A scene from the NBC comedy series, The Office, parodies an interview question and answer perfectly.

America’s favorite clueless manager, Michael Scott, is interviewing for a corporate promotion with his CFO and is asked about his great strengths.

“Why don’t I tell you what my greatest weaknesses are? I work too hard, I care too much and sometimes, I can be too invested in my job.”

Puzzled by the answer, the CFO probes with, “OK. And your strengths?”

“Well, my weaknesses are actually my strengths.” Michael grins as if he just nailed the question while his CFO grimaces as if he just fell for a bad joke.

Doing the opposite of what Michael Scott does on this show is typically excellent career advice.  Any interviewer who has listened to a clever answer like this cringed when watching that scene.

Bad Advice Is Now Common Practice

Stop me if you’ve heard this before. When asked about your failures or weaknesses in an interview, use it as an opportunity to humble brag about a real strength.

This advice is terrible and comes across as painfully transparent to any experienced interviewer. Hoping to show off their work ethic or passion, candidates dodge, duck, dip and dive to avoid answering a question they fear.

If you can dodge a wrench, you can dodge an interview question.

AP Images for Jockey

In a survey of 570 early-career professionals, WayUp found that questions about weaknesses and failure were the second most feared query in interviews. Young professionals assume this is a trick question meant to weed out the weakest candidates.

This misunderstanding stems from the false view that those who dare to fail are weak. The opposite is more likely the truth. Those who rarely fail spend their careers playing it safe.

What Is The Interviewer Looking For?

Your interviewer got to their position by taking a risk. They took chances to move up in their organization and often failed along the way. They understand that real growth occurs when someone experiences a setback and changes behavior as a result.

Interviewers are looking for several hints in your answer:

1. Are you confident enough to share defeats? Top performers see failure as a necessary step along the path to greater success. Achievers can drown out their misfires with many more successes and are not intimidated to talk openly about foundering.

2. Are you humble enough to honestly assess your setbacks? Ego can be a limiting factor in one’s career, as you can’t grow if you can’t admit to your role in defeat. A study in the Journal of Behavioral Decision Making found that people spent 25% more time working on a solution after focusing on their emotional response to an initial failure.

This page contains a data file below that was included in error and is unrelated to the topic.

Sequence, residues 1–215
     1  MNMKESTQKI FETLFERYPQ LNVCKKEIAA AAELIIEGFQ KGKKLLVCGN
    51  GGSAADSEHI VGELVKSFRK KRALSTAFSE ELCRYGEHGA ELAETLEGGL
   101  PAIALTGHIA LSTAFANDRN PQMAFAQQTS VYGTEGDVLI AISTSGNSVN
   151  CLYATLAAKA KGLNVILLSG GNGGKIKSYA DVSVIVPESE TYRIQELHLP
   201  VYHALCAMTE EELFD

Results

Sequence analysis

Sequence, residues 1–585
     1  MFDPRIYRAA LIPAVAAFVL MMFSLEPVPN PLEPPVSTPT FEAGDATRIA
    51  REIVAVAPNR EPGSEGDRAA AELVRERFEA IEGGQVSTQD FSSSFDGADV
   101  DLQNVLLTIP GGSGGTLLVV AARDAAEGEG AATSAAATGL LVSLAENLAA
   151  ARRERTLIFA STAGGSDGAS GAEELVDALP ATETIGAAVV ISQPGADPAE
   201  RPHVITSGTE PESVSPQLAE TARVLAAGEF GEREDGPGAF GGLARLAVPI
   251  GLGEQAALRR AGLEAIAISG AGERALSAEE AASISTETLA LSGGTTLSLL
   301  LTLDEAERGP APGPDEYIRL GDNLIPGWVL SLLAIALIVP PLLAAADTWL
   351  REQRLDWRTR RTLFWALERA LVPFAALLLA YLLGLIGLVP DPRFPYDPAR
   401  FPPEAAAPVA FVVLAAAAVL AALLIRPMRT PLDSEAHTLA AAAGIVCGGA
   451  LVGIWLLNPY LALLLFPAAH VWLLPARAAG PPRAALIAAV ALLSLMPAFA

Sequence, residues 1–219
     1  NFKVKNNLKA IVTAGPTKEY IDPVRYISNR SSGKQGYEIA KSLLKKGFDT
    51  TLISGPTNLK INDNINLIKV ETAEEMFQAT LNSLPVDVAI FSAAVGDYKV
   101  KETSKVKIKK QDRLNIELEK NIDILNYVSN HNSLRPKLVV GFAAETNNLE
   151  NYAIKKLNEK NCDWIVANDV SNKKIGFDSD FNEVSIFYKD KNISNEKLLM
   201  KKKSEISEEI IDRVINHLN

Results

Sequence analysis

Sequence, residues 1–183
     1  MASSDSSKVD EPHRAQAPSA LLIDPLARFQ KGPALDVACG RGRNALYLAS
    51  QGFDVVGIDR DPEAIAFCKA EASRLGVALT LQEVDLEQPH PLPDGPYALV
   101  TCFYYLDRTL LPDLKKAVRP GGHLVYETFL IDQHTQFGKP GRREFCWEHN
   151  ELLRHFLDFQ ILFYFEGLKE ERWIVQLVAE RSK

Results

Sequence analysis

3. Do you grow from failure? Everyone gets knocked down, but the response is more important than the fall. Knowing that you will suffer setbacks if you accept the role, your interviewer is keenly interested in how much resilience you have.

Focus Your Answer On The Right Type Of Failures

Remember that you are not the only person who fails. The more success your interviewer has enjoyed, the longer the list of failures they have overcome. When asked this question, embrace it with some humor. I like to say something like, “How much time do we have?” This shows your interviewer that you embrace failure as a path to personal growth.

One failure that will hurt your chances is that which involves a lack of effort. This is one of the few variables we can control in life and is a transferable behavior in any function. If you failed on a project because you chose not to put in the time, your interviewer has no choice but to envision the same effort from you in the future. We have all come up short where effort was the culprit. These instances are not the ones to share in an interview.

There are several types of situation that best share what type of person you are.

1. The Knowledge Gap Failure: You took a run at a project that you are unequipped to handle and fell on your face. Perhaps, you accepted a sales role after working in operations. Your early months were humbling as hard work didn’t translate into results. You responded by studying top performers in the office, reading sales books, and listening to sales podcasts. After a challenging first year, you came back to finish in the top ten the following year.

2. The Poor Fit Failure: You always wanted to play for the varsity basketball team but just didn’t have the athletic ability. After being cut the first three years, you finally made the team your senior year. Though you didn’t play often, you were voted team captain by your teammates. You could find a similar setback in a business setting where you initially failed in a position that didn’t highlight your strengths and flourished when you changed positions.

3. The Approach Failure: You worked hard with poor results until a manager or mentor offered some direct feedback about your approach. Taking that feedback personally, you made sweeping changes and saw your results take off. This shows your future employer that you respond well to constructive criticism, a trait admired by any manager.

Before your interview, think through several examples. Many interviewers will probe for multiple answers to this simple question. Embrace your failure with confident, honest answers. Let the other candidates roll out the nauseating Michael Scott boilerplate response.

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